with an empathy so fatal #114, Darren Demaree

Gillian Sargeant, Icon of Severus Snape, 12″ X 9,” acrylic

 

 

with an empathy so fatal #114

 

if you hold on
to your roots
only

you will drown
in a black
that is unable

to thrust
towards any-
one else’s sun

_________________
Darren Demaree

 

Review by Theodore Worozbyt

Since these two poems appear to be excepts from a larger sequence, I am reluctant to draw conclusions about their relation to one another, especially since, assuming it exists, #113 is missing. But they are both very finely compressed lyrics, and both do their work by way of contraries, if in somewhat different ways. Both are conversant with the elder writers, who are, in this case (at least to my ear), Dickinson and William Carlos Williams, and both these poems, like those of their influences, make complex music in small spaces. Both poems make excellent use of line breaks, creating welcome complexities and ambiguities. Stanza one of #114 would lose at least two of its three steps of meaning if rendered as prose, and the breaking of “any- / one” seems a call for a larger vision that transcends having pieces of the pie, political or otherwise, as the semiotic drift of the economical language seems to invoke the hyphenations of Langston Hughes, which create a division between black and white (marginal spaces) even as they call for a unity.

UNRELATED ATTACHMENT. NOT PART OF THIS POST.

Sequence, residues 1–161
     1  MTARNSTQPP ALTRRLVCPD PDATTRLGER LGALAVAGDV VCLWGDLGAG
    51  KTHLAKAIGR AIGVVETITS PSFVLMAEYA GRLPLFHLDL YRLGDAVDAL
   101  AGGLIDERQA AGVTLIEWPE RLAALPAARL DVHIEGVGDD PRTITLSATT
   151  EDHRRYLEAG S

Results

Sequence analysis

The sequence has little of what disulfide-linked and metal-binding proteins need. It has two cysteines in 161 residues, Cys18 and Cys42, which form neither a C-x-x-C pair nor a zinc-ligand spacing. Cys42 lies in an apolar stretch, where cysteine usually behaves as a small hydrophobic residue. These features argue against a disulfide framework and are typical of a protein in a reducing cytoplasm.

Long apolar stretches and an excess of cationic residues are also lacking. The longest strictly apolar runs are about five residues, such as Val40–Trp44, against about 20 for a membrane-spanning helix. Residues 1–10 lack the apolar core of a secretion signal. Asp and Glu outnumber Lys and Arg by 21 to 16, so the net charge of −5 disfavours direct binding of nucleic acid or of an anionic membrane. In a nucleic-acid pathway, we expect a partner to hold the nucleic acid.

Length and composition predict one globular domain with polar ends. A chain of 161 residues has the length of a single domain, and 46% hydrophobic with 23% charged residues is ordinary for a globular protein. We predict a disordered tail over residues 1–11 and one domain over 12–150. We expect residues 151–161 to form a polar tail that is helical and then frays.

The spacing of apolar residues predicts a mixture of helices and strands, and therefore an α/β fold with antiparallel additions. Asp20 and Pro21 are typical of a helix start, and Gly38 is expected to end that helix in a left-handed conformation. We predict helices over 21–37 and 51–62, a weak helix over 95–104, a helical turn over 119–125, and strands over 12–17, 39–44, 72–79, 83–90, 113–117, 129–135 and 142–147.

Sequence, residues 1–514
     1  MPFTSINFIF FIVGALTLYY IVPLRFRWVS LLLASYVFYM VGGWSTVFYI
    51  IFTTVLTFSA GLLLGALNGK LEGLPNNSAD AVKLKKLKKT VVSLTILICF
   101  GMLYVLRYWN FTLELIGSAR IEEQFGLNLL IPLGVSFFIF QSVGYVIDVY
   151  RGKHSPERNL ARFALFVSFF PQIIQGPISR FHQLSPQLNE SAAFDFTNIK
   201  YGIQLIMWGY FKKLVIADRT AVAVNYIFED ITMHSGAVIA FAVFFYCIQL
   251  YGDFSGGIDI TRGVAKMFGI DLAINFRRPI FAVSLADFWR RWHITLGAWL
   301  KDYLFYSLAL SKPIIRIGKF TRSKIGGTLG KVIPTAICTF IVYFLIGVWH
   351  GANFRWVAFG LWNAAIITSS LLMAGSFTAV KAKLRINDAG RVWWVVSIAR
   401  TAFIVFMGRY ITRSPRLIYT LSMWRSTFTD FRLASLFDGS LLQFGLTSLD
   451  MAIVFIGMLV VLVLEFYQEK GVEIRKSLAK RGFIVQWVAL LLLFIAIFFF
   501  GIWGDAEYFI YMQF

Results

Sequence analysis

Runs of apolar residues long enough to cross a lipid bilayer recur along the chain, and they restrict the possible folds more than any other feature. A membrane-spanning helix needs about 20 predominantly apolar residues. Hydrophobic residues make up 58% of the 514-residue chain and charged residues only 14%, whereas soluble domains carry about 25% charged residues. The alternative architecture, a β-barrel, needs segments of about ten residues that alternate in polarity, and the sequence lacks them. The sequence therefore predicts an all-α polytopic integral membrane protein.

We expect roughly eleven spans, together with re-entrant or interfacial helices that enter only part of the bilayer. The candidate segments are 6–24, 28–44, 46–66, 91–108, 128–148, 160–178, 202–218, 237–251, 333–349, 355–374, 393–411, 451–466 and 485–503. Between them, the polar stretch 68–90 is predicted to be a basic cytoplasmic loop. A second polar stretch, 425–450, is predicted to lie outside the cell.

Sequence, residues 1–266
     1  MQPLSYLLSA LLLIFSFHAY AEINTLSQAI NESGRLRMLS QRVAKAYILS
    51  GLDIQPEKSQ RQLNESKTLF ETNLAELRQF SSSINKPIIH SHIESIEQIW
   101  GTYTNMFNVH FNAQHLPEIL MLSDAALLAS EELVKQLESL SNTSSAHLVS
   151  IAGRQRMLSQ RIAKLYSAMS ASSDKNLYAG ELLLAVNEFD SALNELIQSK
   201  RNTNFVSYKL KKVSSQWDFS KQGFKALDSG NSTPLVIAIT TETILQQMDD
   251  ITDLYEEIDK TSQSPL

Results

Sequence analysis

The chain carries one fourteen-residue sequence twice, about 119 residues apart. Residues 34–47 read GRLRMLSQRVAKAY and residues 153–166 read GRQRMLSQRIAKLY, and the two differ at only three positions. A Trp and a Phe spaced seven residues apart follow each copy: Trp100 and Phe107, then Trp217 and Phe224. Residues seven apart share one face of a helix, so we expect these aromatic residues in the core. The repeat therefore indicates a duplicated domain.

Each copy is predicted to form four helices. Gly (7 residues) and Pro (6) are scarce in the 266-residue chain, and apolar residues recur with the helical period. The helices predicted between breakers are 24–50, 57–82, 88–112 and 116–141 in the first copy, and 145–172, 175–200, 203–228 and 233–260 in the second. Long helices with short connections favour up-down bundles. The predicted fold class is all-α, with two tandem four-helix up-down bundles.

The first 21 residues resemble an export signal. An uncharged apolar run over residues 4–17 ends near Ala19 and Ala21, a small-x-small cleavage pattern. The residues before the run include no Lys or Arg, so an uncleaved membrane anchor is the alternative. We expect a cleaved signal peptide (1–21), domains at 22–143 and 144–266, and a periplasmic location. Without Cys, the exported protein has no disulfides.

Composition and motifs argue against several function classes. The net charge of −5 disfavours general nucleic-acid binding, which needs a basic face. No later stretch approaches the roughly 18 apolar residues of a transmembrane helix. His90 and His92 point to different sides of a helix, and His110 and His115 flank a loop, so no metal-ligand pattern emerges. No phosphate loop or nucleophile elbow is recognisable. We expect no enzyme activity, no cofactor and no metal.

Review by Andrea Jackson

I like this very much. The thought is, to me, completely original.

 

Review by Anna Weaver

I admire and envy the cryptic telegraph of poems like this. Like a koan, they taunt us with an image of things we are, things we like, or things we do. Like the best mentors, they reward our efforts to recognize ourselves by slapping our faces with the cold fish of images that are so unlike what we expected. What we take away may vary—a sense of mild rebuke, a shift in perspective—but we all share the moment. The act of having paused to listen.

 

Review by Claire Scott

Wonderful glimpses of empathy. I like the short lines and the stark simplicity. The first (#112) so echoes what is going on in our country now, “when there’s nothing left/to like.” The last line is wonderfully evocative. Not just baking pies, but cutting “them into pieces” to share with others who also feel estranged. The second (#114) seems darker. I like “you will drown/in a black.” A great description of collapsing inward, maybe in a time of despair. And the importance of thrusting (great word) towards the suns of others. I hope you are writing many of these and will publish a chapbook!

 

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